Francesco Amigoni, Viola Schiaffonati and Marco Somalvico
The growing impact of computer science on human society stimulates several ethical considerations that are enriched and enhanced when we refer to a powerful and flexible machine, called agency , developed within artificial intelligence. An agency  is a machine composed of several cooperating inferential entities called agents, which are computer or robots. Agents are integrated in a communication network that represents the topology of agency. The purpose of this paper is to present some innovative ethical observations that arise from the adoption of agencies in the conceptual framework that conceives man as a bipolar subject . More precisely, we consider, according to Bergson approach , the intellectual and interactive (with the world external to human mind) human activities as composed of creative activities, which can not be modelled nor emulated by any machine, and of fabricative activities, which can be modelled and emulated by information machines. In this epistemological position, we consider an agent as an information machine that roughly emulates the fabricative intellectual activities of a man, when the agent is a computer, or that roughly emulates the fabricative intellectual and interactive activities of a man, when the agent is a robot. Therefore, an agency emulates the cooperation phenomena that happen in a society of men. For this reason, we denote agency as cooperation machine. We conceive a man as a man-mind subject composed of two poles: man-body pole and man-machine pole. Man-body pole is the natural site of man’s body in which man immediately (without any medium) carries on both creative and fabricative activities. Man-machine pole is the artificial site of machine (made and made to perform by man) in which man mediately (with a medium) carries on fabricative activities.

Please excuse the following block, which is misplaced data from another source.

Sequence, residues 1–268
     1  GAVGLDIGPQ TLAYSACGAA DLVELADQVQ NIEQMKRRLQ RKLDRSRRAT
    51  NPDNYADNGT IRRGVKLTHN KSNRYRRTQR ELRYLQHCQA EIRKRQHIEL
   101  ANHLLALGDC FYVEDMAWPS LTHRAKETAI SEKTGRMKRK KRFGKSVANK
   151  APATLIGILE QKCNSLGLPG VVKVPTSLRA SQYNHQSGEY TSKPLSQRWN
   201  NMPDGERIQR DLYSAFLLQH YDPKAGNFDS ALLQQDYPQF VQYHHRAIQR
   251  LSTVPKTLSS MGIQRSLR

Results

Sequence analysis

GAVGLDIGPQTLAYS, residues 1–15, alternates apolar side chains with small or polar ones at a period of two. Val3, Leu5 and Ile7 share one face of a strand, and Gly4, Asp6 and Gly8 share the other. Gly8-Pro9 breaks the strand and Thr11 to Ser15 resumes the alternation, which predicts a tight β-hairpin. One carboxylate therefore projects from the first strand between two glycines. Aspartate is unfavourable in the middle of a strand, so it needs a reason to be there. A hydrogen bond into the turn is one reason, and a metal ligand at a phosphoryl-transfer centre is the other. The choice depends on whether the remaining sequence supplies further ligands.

The first ethical consideration that the bipolar condition of man stimulates is centered on the concept of culture, which is expressed by man-machine pole. In fact, every machine reflects human culture, since a machine is the result of the whole history of science and technology and of the efforts of contemporary men who work together in order to develop better and better artifacts. Moreover, when the machine is an agency, we can say that it represents human culture, because it roughly emulates a society of men, each one roughly emulated by an agent. Hence, human culture permeates every man, since man-machine pole is the result of human culture and, in the case of agency, it also represents human culture. We call universality the ethical property that expresses the pervasive dissemination of culture within the man-mind subject, not only abstractly within man-body pole, but also concretely within man-machine pole.